December 9, 2009

Ray's Romper Room - "Helicopter Parenting" versus "Slow Parenting"

Every parent wonders if they're doing the right thing in raising their children.  There tends to be alternating mood swings behind "my way or the highway" and "I'm preparing them for future lifelong therapy" for most folks.   In the end, though, I think kids find their own way.   It might be right out of the gate, it might be later in life, but one hopes that a bell goes off when they need to take care of their own lives, start their own families, and otherwise attempt to get their cumulative shit together.  When they leave the nest, you'll have hopefully given them tools, varying levels of instruction, and an always-available emergency contact number.

According to Wikipedia, "helicopter parenting" is:
so named because, like helicopters, they hover closely overhead, rarely out of reach, whether their children need them or not. In Scandinavia, this phenomenon is known as curling parenthood and describes parents who attempt to sweep all obstacles out of the paths of their children. It is also called "overparenting". Parents try to resolve their child's problems, and try to stop them coming to harm by keeping them out of dangerous situations ... Some college professors and administrators are now referring to "Lawnmower parents" to describe mothers and fathers who attempt to smooth out and mow down all obstacles, to the extent that they may even attempt to interfere at their children's workplaces, regarding salaries and promotions, after they have graduated from college and are supposedly living on their own. As the children of "helicopter parents" graduate and move into the job market, personnel and human resources departments are becoming acquainted with the phenomenon as well. Some have reported that parents have even begun intruding on salary negotiations. An extension of the term, "Black Hawk parents," has been coined for those who cross the line from a mere excess of zeal to unethical behavior, such as writing their children's college admission essays.
"Slow parenting" on the other hand is:
a parenting style in which few activities are organised for children. Instead, they are allowed them to explore the world at their own pace. It is a response to Concerted cultivation and the widespread trend for parents to schedule activities and classes after school; to solve problems on behalf of the children, and to buy services from commercial suppliers rather than letting nature take its course.

The philosophy, part of the Slow Movement, makes recommendations in play, toys, access to nature, watching television, and scheduled activities. The opposing view is that such children are disadvantaged because their parents do not provide as many learning opportunities.
How many parents admit to being helicopter parents? How many want to consider themselves as slow movement followers?  Myself, I'm a pretty firm believer in unstructured play.  My two kids get more than enough structured activities day-to-day, so every other weekend with daddy can be free-range, free-form jazz compared to mommy's marching band practice.   The issue, though, is whether the laissez-faire, let-them-fail-occasionally, and figure out their own boundaries, approach works in the long run.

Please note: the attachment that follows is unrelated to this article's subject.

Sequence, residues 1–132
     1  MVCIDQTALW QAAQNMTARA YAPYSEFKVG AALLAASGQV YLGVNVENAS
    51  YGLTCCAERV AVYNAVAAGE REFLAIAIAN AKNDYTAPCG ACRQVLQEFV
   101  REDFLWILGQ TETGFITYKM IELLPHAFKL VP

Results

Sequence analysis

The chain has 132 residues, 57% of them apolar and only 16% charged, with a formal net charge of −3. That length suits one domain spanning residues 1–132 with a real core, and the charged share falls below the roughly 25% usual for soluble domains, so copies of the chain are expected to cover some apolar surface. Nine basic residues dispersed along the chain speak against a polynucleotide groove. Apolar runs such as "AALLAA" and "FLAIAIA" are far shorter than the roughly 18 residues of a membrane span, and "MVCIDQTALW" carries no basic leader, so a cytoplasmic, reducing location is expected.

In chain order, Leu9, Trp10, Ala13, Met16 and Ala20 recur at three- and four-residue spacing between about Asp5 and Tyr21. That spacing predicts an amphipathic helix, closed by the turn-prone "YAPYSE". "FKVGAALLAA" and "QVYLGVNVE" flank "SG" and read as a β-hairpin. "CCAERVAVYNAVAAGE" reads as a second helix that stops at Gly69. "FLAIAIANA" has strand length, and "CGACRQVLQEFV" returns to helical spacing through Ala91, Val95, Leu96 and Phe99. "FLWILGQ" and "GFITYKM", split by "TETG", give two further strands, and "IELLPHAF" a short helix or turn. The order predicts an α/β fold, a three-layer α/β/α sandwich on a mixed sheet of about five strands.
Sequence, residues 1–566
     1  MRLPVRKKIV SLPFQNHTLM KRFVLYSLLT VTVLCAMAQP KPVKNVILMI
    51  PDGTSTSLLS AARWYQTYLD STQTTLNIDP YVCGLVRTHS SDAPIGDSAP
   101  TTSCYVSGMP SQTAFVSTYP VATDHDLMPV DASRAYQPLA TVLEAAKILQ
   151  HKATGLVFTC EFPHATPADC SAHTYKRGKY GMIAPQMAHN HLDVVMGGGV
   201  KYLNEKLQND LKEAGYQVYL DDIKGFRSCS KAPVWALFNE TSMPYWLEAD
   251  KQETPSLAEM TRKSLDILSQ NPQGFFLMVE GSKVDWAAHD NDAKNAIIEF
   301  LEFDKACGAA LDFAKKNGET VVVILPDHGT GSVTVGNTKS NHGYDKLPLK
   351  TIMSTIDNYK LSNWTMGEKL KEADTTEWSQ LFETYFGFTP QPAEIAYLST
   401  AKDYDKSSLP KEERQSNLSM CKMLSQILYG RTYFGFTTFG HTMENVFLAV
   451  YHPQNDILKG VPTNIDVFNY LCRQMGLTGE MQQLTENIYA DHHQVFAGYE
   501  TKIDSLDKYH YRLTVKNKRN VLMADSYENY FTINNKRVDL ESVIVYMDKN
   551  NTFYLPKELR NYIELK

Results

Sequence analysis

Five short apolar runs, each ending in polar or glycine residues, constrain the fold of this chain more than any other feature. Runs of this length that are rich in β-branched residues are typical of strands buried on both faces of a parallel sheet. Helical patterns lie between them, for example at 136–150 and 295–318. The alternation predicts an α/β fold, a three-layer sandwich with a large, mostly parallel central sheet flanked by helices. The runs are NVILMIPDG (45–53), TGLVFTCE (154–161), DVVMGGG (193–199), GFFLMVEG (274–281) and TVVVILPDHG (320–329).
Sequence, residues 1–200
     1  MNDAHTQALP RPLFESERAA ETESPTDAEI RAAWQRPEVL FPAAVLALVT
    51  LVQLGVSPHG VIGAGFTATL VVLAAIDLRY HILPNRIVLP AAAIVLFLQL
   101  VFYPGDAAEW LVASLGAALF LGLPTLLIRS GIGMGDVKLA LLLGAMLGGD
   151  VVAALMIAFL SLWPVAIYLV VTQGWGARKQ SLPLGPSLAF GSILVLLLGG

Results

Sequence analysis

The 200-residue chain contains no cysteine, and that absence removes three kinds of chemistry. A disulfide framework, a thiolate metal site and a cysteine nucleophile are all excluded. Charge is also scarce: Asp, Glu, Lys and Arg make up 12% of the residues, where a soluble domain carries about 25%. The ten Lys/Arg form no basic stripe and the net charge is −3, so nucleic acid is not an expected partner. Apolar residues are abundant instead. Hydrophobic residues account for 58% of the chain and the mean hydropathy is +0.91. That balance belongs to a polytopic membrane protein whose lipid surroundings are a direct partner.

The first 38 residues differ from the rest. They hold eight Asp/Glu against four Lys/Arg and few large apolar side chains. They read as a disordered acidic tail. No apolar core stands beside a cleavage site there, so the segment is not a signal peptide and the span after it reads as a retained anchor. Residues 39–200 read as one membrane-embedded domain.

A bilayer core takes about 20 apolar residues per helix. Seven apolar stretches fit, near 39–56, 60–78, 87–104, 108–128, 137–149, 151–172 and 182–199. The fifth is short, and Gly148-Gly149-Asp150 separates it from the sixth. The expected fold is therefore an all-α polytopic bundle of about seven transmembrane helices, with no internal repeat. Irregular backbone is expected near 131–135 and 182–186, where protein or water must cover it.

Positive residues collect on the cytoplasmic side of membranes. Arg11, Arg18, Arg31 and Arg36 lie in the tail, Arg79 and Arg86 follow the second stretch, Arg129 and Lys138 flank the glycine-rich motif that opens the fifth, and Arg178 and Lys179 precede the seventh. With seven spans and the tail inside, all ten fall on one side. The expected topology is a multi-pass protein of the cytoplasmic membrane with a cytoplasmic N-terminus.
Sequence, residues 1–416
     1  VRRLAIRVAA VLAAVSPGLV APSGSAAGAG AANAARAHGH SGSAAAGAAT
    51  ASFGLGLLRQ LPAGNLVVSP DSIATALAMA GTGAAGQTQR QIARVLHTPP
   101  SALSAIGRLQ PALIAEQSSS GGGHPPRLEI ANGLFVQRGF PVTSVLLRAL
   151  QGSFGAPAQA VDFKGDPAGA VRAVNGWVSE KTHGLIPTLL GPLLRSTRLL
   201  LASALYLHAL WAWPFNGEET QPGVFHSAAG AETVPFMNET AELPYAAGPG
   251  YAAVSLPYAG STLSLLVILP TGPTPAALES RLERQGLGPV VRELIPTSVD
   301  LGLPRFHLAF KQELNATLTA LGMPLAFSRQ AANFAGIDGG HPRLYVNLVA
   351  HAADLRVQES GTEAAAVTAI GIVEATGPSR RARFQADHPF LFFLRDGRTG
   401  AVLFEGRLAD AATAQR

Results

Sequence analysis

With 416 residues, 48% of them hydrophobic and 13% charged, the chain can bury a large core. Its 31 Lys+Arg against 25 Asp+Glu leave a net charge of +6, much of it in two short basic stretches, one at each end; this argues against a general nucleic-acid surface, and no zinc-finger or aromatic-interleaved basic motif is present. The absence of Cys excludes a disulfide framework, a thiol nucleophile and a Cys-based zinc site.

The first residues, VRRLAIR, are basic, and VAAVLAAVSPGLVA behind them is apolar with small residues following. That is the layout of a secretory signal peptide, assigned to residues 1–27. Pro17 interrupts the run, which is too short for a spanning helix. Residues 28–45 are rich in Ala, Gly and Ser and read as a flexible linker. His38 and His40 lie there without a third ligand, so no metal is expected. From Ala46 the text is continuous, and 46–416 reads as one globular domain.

How much risk is good?  How much failure and disappointment is too much for a kid?  Obviously there is a middle ground between the helicopter parenting approach and total hands-off.   I wonder, though, whether my approach is more of a response to the ex-wife's stage mother manipulation, and less a true belief system.  Curious.  Wondering if any readers have opinions on this.


  1. Great blog and topic. stumbled upon a few days ago. Divorced dad of two teenagers. They were young when we split.

    My two cents:

    When I first became divorced, I overcompensated with leniency and let my children do as they please, partially to spite the ex. It worked out just fine until aspects of my personal life began to change. Now, if I had to do it over again, I would still be lenient and allow them unstructured play, but I would set some basic ground rules. My vote is for the middle-ground approach.


  2. Hey Dan:

    Many thanks for writing, and thanks for sharing your situation. I've been divorced for about four years now, and my situation has mirrored yours from the beginning. I'm working to set more ground rules, because the early leniency is leading to problems. My ten-year old daughter sometimes expects me to play maid and gets petulant and puffy when asked to do things like just put her own clothes in the hamper and dishes in the sink. I'm having to cut off TV time and Nintendo time in order to reinforce boundaries and encourage personal responsibility. But it's a continual learning process, one improved by communications with others in similar circumstances. Hope you'll keep reading and commenting.


  3. You deserve the same respect that they give to their mother. Create ground rules and stick to them. Start with small things. My children had the bad habit of eating in the bedroom. One day, I told them that we would eat dinner in the dining room from that day forward. No ifs, ands, or buts. Immediately after dinner, any leftovers were put away and plates were placed in the sink. Everyone had to help. It's a simple, family-oriented routine.

    We, the weekend parents, have a tendency to let things slide at times. If you set rules one weekend, but give in the next, it will make things all the more difficult. And it only gets worse when they become teenagers.


  4. Oh, I dread the teenage years like The Black Plague.